Balfour and Meriwether in the Adventure of the Emperor’s Vengeance
by Daniel Abraham
“Assistant Curator Olds,” the man said. “I was working with Lord Abington on behalf of the museum. I was supposed to have been present at the unsealing, but Lord Abington ordered me out at the last moment.”
“Lead on, young Mr. Olds,” Meriwether said. “There may not be a moment to lose.”
The halls of the museum rose above the men in a gloom darker than the autumn sky. The scent of dust and still air gave the great triumph of English culture the unfortunate aspect of a necropolis. Their footsteps echoed against the marble and stone, dampening even Meriwether’s gay affect. Mr. Olds led them down a long corridor, up one long flight of stairs, and then another to a hall designed around a pair of great oaken doors. Two other men, clearly minor functionaries of the establishment, huddled in the harsh light of a gas sconce. The hissing of the flame was the only sound. Balfour stepped immediately to the closed doors, scrutinizing them with an expression so fierce as to forbid speech. Meriwether paced back and forth some length down the hall, his pale eyes moving restlessly across every detail, his footsteps silent as a cat’s.
“Something’s happened,” Balfour said, stepping back from the doors with a nod. Meriwether strode to Balfour’s side licked his fingertips and held them before the doorway.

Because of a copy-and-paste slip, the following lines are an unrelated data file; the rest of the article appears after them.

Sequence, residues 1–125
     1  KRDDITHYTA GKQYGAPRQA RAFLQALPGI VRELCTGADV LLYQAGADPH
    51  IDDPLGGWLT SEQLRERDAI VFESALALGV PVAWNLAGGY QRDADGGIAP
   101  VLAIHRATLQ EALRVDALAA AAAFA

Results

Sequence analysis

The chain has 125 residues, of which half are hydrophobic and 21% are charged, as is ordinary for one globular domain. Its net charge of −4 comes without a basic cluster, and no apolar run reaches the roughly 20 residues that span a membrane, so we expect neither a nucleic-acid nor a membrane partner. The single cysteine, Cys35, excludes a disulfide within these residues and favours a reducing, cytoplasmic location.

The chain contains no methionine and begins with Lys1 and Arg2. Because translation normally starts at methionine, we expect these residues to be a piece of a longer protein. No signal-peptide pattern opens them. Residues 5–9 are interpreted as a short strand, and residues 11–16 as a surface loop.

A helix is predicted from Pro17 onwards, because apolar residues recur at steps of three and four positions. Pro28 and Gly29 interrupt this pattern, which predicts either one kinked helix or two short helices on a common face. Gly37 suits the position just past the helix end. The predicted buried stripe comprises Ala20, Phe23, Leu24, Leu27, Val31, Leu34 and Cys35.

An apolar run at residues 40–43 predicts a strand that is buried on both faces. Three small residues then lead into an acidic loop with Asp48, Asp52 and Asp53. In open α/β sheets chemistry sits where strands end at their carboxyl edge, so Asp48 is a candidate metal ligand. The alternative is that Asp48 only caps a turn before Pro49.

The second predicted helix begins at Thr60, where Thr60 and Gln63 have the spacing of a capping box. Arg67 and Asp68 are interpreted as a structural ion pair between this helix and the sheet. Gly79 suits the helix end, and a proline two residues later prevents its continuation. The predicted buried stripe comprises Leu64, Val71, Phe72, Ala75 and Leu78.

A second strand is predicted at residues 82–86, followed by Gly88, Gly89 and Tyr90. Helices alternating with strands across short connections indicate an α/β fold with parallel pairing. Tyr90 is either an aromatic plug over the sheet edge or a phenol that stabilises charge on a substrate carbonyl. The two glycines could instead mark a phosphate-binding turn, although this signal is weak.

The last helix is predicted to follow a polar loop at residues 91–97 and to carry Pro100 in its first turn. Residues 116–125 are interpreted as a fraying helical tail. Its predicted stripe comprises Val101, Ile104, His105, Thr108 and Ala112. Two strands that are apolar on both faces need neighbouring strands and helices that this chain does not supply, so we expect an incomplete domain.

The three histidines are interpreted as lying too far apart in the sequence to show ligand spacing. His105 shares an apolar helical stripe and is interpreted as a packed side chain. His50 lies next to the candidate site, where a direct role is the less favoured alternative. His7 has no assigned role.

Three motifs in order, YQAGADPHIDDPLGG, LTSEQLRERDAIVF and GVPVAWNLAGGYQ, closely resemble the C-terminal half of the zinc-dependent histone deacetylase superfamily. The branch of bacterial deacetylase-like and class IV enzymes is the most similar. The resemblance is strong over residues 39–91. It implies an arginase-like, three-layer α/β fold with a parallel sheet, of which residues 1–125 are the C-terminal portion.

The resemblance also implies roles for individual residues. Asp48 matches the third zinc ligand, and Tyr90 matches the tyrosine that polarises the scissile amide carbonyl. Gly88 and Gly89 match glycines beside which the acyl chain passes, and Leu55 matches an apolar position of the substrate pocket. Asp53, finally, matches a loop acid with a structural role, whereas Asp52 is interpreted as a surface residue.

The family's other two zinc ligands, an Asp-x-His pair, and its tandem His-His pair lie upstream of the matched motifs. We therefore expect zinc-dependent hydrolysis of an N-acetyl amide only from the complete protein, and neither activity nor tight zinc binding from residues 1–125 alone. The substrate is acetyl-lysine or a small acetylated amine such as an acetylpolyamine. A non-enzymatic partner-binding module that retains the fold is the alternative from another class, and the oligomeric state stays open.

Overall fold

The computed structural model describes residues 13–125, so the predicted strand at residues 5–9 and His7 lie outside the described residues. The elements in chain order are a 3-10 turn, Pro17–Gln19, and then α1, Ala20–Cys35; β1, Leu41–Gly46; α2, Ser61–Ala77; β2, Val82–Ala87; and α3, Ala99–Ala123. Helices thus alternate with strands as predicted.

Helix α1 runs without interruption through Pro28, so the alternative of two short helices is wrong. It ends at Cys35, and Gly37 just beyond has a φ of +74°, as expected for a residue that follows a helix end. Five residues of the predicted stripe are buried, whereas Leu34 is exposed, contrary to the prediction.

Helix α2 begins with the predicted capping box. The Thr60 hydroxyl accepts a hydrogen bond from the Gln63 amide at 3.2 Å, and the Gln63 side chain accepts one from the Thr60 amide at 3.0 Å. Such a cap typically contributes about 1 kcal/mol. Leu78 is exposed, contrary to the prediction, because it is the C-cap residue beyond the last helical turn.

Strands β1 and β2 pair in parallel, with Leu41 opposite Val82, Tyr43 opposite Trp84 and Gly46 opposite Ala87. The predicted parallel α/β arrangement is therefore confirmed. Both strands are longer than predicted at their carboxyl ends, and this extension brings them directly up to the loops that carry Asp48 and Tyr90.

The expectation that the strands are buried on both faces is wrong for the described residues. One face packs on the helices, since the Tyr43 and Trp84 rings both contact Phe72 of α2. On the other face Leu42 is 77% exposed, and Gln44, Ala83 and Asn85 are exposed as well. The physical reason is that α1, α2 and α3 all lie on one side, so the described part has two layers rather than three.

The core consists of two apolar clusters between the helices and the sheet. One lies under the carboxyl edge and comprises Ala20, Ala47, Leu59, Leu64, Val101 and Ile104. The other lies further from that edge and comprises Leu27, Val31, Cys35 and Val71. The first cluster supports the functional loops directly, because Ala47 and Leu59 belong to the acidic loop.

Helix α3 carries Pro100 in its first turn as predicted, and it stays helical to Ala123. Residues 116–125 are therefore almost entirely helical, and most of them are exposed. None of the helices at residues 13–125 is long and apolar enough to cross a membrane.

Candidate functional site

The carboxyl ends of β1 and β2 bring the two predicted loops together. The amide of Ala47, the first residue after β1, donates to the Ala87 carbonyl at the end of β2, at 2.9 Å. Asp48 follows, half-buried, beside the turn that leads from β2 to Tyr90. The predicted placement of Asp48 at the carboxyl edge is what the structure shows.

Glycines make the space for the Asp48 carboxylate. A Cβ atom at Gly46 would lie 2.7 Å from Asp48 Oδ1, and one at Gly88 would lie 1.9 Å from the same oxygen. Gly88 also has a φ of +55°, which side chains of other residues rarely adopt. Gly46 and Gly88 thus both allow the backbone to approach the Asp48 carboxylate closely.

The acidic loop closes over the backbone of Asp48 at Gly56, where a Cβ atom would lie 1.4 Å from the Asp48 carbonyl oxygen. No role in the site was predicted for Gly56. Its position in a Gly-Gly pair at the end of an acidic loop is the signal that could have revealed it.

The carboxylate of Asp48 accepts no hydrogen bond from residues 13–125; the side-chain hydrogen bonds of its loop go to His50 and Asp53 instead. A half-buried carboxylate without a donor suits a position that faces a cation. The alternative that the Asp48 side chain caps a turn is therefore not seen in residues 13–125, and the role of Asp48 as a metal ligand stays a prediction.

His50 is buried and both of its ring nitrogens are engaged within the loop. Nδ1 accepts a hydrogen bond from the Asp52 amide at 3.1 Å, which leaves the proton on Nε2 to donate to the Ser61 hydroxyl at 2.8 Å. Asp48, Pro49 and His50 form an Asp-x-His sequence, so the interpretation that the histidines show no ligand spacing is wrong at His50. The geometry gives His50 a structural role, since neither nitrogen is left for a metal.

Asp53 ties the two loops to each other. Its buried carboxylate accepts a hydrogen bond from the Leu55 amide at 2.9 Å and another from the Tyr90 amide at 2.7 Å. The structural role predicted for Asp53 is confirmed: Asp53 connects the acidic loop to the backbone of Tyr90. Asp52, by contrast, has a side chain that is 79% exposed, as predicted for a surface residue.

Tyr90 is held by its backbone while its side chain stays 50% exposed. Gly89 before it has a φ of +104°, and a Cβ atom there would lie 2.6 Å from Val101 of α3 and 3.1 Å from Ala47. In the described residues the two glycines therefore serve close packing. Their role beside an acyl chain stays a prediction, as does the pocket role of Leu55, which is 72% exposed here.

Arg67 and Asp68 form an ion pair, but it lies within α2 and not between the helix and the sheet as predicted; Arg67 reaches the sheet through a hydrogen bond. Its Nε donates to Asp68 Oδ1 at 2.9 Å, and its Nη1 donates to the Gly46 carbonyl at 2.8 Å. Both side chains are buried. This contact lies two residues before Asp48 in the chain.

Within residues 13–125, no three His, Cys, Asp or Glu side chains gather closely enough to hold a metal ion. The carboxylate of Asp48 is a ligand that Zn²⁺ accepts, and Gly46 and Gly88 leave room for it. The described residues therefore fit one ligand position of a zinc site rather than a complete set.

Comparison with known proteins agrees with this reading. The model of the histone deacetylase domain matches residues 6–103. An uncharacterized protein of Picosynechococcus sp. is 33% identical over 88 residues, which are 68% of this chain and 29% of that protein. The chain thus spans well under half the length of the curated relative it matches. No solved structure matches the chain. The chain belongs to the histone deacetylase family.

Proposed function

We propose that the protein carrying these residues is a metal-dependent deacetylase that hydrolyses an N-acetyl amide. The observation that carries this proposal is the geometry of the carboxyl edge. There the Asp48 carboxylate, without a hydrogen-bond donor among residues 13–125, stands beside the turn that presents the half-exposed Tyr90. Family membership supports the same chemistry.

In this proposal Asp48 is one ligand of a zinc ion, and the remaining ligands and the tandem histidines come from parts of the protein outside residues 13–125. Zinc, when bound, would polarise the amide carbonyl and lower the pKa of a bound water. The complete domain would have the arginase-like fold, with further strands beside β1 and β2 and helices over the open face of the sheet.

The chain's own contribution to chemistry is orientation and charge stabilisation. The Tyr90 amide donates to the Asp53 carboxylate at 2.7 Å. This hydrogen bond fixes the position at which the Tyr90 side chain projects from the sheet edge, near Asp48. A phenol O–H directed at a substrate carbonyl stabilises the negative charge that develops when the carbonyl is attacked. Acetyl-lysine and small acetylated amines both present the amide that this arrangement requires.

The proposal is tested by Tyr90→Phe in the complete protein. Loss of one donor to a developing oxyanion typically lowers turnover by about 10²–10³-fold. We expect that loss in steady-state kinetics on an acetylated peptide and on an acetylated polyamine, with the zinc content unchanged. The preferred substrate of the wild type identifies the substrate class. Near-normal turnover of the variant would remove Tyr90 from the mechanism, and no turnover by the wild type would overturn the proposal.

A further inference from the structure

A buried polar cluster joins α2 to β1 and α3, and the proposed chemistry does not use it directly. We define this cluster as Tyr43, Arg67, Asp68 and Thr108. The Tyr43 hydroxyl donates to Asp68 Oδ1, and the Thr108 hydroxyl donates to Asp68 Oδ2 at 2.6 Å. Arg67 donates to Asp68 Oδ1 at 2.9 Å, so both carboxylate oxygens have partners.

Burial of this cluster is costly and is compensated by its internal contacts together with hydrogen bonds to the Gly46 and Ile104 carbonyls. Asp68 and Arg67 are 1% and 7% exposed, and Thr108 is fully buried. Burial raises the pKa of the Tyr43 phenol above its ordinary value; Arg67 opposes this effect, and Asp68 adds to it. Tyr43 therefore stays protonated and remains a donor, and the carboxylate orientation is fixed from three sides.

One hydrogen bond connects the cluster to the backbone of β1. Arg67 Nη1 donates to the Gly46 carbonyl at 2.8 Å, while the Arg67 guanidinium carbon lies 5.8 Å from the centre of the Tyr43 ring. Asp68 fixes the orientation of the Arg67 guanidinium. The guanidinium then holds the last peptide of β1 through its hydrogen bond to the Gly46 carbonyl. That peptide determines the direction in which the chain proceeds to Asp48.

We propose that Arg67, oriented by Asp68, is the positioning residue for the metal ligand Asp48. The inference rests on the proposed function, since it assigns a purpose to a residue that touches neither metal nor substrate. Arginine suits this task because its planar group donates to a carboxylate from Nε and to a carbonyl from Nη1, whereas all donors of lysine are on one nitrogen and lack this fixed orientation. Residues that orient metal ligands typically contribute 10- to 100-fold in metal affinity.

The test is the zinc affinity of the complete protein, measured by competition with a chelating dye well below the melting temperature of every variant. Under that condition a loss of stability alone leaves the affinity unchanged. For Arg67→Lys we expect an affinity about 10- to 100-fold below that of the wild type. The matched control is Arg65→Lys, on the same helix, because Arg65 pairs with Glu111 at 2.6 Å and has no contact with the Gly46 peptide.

“Yes, I see,” he said.
“What are you talking about?” Lord Carmichael asked. “What do you mean something’s happened?”
“The room within is not sealed,” Meriwether said, his voice unnaturally calm. “All through the museum, the air has been still as the grave, but here there’s the faintest of breezes. What other access ways are there to this workroom?”
“None, sir,” one of the functionaries said. “There was a back way, but it was bricked up years ago to make more storage room for the collection.”
“Light?” Balfour asked.
“Gas lamps, sir,” the functionary said. “Same as the rest.”
“And during the day?” Balfour said. “Are there windows?”
“Well, yes sir. But they’re set at the rooftop. The workrooms are high as a cathedral, some of them sir.”
“We’ll want rope,” Meriwether said. “And ladders that will reach the roof. There’s little time.”
“What do you suspect?” Lord Carmichael asked as the functionaries scattered to Meriwether’s command.
Meriwether shook his head silently and gave no other reply. A few minutes work brought the discovery that the window high above the workroom had indeed been breached, and less than a half hour more allowed the pair of special agents to be lowered into the stygian darkness within.
About the Author
Daniel James Abraham is an American speculative fiction writer who lives in Albuquerque, New Mexico. His collaboration with Ty Franck under the name James S. A. Corey, Leviathan Wakes, was nominated for the 2012 Hugo Award for Best Novel and the 2012 Locus Award for Best Science Fiction Novel. (And is the basis for the TV show, The Expanse.)
His novelette “Flat Diane” was nominated for the Nebula Award, and was featured on Pseudopod. His novelette “The Cambist and Lord Iron: a Fairytale of Economics” was nominated for the Hugo Award and the World Fantasy Award.
About the Narrator
Paul S. Jenkins has narrated for Escape Pod, Pseudopod and PodCastle a number of times, and was the very first narrator at PodCastle. His science fiction podcast novel THE PLITONE REVISIONIST is available for free at Podiobooks.com. His maintains healthy skepticism with his skeptical blog NOTES FROM AN EVIL BURNEE and his skeptical podcast SKEPTICULE (aka “The Three Pauls Podcast“).